• Grow your brand: Get started on LinkedIn Check out #2, specifically the advice that your summary should contain the “keywords you want to own.” So if you want to go into psychology, include the word psychology!

Do you need help with your LinkedIn summary? Leave me a comment, or get in touch, and let’s brainstorm on the best way to tell your story!

Must read: 7 Secrets to Getting Your Next Job Using Social Media

Personal branding expert Dan Schawbel just posted this article to Mashable (if you’ve never heard of it, Mashable is a site with tons of social media advice). He outlines seven ways to use social media to land your next job.

His strategy includes everything from LinkedIn and Twitter to advertising your personal brand with Google AdWords and Facebook ads. Here are the basics in list form, but read the full article — it’s a quick read and definitely worth it!

  1. Research people instead of jobs. Figure out the companies you want to work for, find out who runs their human resources department and contact that person directly, with a personal message.
  2. Let the jobs come to you by showing your enthusiasm and knowledge of the field through a blog.
  3. Build a network on Twitter by providing credible, insightful information and commentary about your field.
  4. Build your network on LinkedIn and make your profile stand out from the crowd.
  5. Create Google and Facebook ads that succinctly and effectively articulate your brand. The article has a step-by-step process to make sure you include the right information.
  6. Make a video resume and put it on YouTube. (Take note of Dan’s advice though: If you don’t have a lively, outgoing personality — or just aren’t comfortable in front of the camera — don’t create one.)
  7. Subscribe to blogs that have job listings. There’s a list in the article. Lots of industry-specific associations also have job boards, so consider adding those to your RSS feed, as well.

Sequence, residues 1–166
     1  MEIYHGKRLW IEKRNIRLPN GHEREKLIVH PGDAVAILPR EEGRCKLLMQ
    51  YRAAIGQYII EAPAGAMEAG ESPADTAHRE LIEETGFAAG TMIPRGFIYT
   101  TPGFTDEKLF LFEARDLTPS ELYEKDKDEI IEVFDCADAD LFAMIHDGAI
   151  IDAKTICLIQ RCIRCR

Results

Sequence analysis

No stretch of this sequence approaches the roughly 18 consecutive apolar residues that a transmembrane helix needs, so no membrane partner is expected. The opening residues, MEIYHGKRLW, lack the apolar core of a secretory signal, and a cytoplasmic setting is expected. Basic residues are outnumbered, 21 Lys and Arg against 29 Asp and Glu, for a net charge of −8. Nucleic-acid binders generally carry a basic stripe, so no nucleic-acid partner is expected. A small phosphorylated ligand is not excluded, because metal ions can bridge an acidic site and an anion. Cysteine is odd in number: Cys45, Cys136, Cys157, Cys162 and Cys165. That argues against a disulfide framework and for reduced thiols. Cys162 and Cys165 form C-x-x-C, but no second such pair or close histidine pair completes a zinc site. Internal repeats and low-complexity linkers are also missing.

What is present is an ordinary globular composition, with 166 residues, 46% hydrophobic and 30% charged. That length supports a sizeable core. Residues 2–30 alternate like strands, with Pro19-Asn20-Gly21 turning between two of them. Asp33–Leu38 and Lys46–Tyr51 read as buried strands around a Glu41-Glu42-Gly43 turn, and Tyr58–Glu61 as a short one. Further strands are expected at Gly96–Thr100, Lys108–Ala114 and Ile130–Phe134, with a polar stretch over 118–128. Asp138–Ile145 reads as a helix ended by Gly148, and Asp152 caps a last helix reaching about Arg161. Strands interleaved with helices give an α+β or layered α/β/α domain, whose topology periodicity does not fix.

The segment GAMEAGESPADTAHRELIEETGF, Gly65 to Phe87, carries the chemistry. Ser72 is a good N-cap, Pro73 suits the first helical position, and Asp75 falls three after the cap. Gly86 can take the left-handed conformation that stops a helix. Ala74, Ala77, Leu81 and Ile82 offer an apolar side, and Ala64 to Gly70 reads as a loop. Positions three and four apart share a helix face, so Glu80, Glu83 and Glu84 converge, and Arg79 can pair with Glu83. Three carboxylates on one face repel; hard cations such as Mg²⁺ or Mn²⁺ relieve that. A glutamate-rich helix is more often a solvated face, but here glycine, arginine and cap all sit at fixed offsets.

LinkedIn launches Grad Guide

Still a little unsure about LinkedIn? Now the company itself has decided to produce a guide about how to get started using it.

It’s a three-step guide to creating and building your LinkedIn presence.

  1. Present yourself – explains how to build your profile
  2. Get connected – explains how to connect and join groups (there’s is also a Class of 2009 group!)
  3. Build the good word – explains why your LinkedIn reputation matters and how to build it

The page also has “advanced” options, like how to use applications and research companies.

Of course, there are also tons of articles about using LinkedIn to find a job and network. Here are some of my favorites:

UCS presentation on personal branding, new media and your job search

Gary Miller at UCS just let me know that he’ll be giving a presentation called “Personal Branding, New Media and Your Job Search” on Wednesday, April 15 at 4 p.m. in 239 Hanes.

He said it will be introductory in scope, but if lots of the topics on this blog interest you, odds are you’ll enjoy (and get something out of) the presentation.

Thanks for sending the information along, Gary!